Total recall and mastery, however, is not necessarily my goal here.  Communicating that not everything involves algebraic grinding, that there's elegance in quirky thinking, that the trip's as important as the journey, etc. is an important thing to emphasize, and I try to hit it a couple of times a year in a dramatic fashion like this.  I want something that's not technically above their heads (that is, showing them some calculus isn't the same thing - I'm looking for something that they have the knowledge and skills to actually do), but demands more creativity or conceptual understanding than they have.  I want them to know that there's more than formulas and drudgery.  Higher level math does not equal even more algorithms.  I say that all the time, but this is a kick in the pants. 

That's the goal for most of them.  I do also want to give those few that can file these tricks away in their heads and recall them later... another trick.  I also gave them the "square both sides" of an equation trick earlier in the year, when deriving one of the kinematic equations:
They derived the rest, either from graphical modeling or algebraically from their previous models.  This one just wouldn't occur to them, even though they see why you can square both sides, they wouldn't have thought of it themselves.

Why do you know so many tricks?  I'm guessing that you didn't learn most of them by inquiry or create them yourself.  I look for binomial approximations because one day in high school, a teacher said: "Hey, do you see this crazy equation?  I can make it simpler if...".  The same goes for the small-angle approximation and a million other tricks.  Even the symmetry idea about switching the subscripts is subtle, powerful, and useful for a kid with a math-a-riffic future.  There's nothing wrong with equipping those that are ready to receive them with these tools.  It's not a majority of the kids, but those kids deserve stuff that will help them out later.

Everyone deserves a little wonder and surprise, algebraically speaking.  I also don't have a problem giving a calculator to a herd of mice, because there will be some sharp rats out there that could use it, even if the others just think that it's shiny.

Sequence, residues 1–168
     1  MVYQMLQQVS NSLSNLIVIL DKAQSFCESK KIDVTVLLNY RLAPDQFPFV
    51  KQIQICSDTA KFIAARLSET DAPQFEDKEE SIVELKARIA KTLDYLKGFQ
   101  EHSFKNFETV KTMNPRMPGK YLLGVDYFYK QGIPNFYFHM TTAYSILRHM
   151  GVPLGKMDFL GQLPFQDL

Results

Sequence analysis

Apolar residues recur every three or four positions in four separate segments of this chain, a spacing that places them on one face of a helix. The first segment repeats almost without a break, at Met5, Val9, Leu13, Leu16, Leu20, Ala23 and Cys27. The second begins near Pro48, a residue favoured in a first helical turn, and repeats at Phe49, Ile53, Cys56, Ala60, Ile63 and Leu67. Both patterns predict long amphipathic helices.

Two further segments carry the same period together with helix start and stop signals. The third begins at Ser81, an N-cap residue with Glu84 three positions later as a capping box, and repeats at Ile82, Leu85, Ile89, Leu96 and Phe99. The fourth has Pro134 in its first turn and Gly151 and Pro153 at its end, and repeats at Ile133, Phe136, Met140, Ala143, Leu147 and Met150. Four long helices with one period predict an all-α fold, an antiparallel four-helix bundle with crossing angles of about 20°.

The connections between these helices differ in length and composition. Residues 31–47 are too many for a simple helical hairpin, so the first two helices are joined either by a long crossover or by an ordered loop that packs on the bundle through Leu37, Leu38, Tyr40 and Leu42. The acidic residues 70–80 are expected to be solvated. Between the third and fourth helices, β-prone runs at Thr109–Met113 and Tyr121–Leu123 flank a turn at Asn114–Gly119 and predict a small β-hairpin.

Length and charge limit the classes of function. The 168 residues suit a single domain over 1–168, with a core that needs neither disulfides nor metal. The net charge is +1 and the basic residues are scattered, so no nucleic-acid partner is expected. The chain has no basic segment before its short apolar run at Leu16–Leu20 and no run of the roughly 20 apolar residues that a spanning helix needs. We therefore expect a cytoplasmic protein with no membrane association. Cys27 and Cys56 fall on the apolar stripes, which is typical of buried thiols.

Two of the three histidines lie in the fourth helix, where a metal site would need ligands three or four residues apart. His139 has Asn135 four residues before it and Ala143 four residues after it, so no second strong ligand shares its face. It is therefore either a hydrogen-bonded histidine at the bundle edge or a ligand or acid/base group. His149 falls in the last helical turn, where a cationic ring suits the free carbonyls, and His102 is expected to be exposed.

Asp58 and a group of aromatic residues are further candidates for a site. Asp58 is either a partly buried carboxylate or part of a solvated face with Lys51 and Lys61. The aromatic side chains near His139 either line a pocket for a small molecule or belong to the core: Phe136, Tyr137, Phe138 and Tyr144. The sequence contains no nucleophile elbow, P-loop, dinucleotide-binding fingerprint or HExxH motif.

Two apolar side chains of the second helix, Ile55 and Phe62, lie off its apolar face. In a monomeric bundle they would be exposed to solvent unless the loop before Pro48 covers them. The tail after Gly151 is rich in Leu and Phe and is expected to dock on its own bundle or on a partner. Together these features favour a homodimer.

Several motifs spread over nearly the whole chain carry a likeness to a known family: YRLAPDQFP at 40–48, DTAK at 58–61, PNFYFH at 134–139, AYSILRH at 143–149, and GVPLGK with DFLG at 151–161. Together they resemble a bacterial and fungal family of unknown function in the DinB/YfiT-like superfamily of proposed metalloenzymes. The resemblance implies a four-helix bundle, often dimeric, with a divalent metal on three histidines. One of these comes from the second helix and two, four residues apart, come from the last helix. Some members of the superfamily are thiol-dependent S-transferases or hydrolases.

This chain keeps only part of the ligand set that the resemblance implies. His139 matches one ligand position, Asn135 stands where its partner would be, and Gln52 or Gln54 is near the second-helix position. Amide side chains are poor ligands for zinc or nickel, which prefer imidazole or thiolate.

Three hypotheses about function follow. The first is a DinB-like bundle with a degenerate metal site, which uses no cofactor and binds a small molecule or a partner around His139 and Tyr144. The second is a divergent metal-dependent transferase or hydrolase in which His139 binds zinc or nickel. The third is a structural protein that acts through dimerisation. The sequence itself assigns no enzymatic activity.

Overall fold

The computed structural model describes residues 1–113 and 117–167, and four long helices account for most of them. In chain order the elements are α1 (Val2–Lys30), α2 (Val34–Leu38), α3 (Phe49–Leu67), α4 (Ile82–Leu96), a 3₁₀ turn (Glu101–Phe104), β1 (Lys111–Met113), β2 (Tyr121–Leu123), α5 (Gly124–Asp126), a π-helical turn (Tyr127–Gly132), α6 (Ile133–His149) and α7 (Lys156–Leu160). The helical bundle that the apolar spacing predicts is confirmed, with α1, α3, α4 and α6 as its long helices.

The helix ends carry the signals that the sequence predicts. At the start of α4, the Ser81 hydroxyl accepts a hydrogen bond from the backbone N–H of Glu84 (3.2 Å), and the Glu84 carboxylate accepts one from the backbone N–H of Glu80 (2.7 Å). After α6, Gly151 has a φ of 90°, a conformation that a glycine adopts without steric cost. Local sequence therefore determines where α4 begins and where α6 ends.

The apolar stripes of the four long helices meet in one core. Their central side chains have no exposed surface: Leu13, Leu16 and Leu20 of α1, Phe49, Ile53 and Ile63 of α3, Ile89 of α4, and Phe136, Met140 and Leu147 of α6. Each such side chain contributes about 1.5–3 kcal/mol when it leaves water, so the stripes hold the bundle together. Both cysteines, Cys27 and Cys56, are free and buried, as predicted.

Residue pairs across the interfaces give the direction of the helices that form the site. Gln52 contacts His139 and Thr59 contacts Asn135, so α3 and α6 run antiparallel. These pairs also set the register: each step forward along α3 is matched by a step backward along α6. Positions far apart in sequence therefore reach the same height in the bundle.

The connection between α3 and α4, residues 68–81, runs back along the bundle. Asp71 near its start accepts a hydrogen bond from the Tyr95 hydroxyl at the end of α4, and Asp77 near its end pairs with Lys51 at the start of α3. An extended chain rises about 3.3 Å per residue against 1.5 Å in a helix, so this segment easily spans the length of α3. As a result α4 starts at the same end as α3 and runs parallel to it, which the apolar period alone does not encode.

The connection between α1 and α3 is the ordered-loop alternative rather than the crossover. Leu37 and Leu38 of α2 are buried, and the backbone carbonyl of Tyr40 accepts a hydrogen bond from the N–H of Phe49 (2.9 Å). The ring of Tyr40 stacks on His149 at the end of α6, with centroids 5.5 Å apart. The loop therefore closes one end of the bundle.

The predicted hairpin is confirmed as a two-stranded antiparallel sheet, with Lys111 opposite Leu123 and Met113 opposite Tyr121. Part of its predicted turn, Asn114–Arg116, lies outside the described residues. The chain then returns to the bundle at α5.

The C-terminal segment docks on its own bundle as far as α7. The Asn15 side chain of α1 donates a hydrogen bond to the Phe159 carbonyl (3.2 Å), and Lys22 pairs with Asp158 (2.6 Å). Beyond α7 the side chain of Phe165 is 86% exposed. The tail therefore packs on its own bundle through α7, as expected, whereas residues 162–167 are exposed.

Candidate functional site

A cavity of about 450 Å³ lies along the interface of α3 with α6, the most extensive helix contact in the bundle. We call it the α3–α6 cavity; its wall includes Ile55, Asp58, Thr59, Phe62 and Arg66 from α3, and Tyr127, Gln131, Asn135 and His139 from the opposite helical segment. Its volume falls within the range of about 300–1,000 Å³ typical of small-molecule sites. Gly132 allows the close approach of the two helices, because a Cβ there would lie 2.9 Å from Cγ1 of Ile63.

1. I think this is fantastic, and you gave me some additional insights into teaching elastic collisions that I didn't have. I also think it's good that students learn "tricks" to begin to see physics more like a physcist does. My problem is that for the student, it's often crazy hard to understand the rationale for these tricks, or when to apply them. I can remember it took me years to figure out what we were doing when we used a taylor series approximation to simply a calculation in physics and when it was reasonable to do so.

    A school near you (Park School of Baltimore) has created a really transformational math curriculum framed around habits of mind of mathematicians (look for patterns, use inverse thinking, seek proof, etc), and then problems that take them through the habit, suggests the habit or requires the habit tacitly.

    Could we do something similar for physics? I'm thinking of habits like "approximate" and "look for algebraic simplification" might be two such possibilities

  2. I got on a big Fermi problem kick last year, with just that goal - to have students realize how powerful approximation is, to make them better able to evaluate the reasonableness of their answers, etc.

    It was fun, but I don't know if I really saw evidence that they applied it super-well. They certainly got better at doing it by the third or fourth time!

    There's not enough time!